Arc Flash Labeling – What You Don’t Know Could Jump Out and Hurt You!
With the increasing need for power to be consistent and uninterrupted, servicing and troubleshooting live equipment has become more prevalent. As a result, over 2,000 workers a year (5 per day) are injured in live electrical accidents. Eighty percent of all electrical injuries are burns related to arc flash. The National Fire Protection Association (NFPA) set forth a standard for labeling serviceable electrical equipment with the potential arc flash hazard and the required personal protective equipment (PPE)
Do you remember the sunburn you got on the beach at 85° degrees?
Imagine an arch flash traveling towards you at 700 miles per hour with hot gas and fragmented metal at 35,000 degrees (4x’s the temperature of the sun’s surface). This is a result of a short circuit between phases, or from live conductors contacting ground. This can be caused simply by a loose screw or dropped tool. Most fatalities are caused by 3rd degree burns and collapsed lungs caused by the percussion.
Wouldn’t a 480volt panel be more dangerous than a 120volt panel?
Not necessarily. The misnomer is, the higher the voltage or amperage the more dangerous the equipment. In actuality, there are many other contributing factors that can cause a 120volt panel to have a higher arc flash danger, such as the interrupting capacity of the fuse or breaker feeding the panel. In laymen’s terms, how fast will it turn off when a screwdriver inadvertently falls into the equipment.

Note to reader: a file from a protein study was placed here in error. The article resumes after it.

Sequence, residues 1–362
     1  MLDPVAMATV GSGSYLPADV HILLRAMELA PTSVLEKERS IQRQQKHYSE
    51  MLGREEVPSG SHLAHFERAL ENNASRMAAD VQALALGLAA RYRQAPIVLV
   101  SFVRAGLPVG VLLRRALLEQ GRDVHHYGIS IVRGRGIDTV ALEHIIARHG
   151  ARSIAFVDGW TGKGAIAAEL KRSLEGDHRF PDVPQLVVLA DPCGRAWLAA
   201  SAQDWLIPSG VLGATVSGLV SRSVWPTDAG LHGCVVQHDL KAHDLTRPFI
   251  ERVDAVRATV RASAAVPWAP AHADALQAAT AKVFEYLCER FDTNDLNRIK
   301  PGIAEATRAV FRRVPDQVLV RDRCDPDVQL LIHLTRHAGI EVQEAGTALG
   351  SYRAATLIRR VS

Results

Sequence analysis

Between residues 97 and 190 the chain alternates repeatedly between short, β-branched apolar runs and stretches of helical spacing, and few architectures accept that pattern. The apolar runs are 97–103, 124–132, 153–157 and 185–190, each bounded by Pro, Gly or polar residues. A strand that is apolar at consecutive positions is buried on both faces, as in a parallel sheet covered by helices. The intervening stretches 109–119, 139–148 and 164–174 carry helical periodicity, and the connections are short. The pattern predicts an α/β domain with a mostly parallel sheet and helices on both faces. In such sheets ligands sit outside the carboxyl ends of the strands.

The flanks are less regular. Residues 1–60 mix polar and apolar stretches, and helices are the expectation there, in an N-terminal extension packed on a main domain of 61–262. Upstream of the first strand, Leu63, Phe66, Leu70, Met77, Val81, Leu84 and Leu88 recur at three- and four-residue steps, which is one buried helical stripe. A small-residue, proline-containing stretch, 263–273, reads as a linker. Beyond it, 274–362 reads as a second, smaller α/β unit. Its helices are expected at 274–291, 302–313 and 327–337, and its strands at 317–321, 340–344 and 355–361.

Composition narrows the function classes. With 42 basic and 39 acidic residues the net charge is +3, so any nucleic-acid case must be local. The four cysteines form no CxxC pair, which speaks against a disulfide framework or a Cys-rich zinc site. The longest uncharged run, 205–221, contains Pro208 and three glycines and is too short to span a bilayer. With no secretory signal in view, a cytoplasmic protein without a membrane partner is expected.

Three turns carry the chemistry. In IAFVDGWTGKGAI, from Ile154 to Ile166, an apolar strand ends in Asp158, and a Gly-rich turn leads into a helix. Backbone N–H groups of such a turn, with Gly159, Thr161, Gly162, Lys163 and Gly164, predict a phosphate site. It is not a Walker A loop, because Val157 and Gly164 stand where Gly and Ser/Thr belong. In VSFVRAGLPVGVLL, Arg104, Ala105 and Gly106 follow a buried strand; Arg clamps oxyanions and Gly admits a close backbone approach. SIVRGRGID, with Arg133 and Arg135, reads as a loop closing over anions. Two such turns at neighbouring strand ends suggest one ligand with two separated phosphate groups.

Can generic warning stickers be put on all equipment?
In order to properly label electrical panels and equipment, NFPA70E guidelines require the following steps:
- A data collection survey of the building must be performed starting at the utility transformer. All electrical equipment, such as the main distribution panel, conduit and wire sizes and distance to each location, are measured and recorded.
- The data is analyzed and calculations are performed to determine the arc flash potential at all serviceable points in the distribution system.
- Labels are generated for each specific location illustrating the nominal system voltage, arc flash boundary and site-specific PPE requirements.
- Building engineers and service personnel must be trained to understand what level of PPE is required based on the available fault current dictated by the engineered labeling.
- The bonus to having this safety program performed is that a line diagram is generated illustrating the size, location and specifications of every fuse, breaker and panel. This is also known as an as-built drawing and it can be used to stock replacement fuses or acquire a replacement breaker in an emergency.
What is the potential cost of not complying?
A report by Mission Critical shows that an arc flash related accident incurs an average cost of $750,000.00. The National Safety Counsel estimates that these types of injuries cost businesses well over $30 million a year in fines, medical costs and litigation. Between 2007 and 2011 OSHA assessed 2,880 fines for failure to meet 1910.132(2) standards.
The old adage is an ounce of prevention is worth a pound of cure. In this instance, a sticker can save a life.
Master Electrician #9468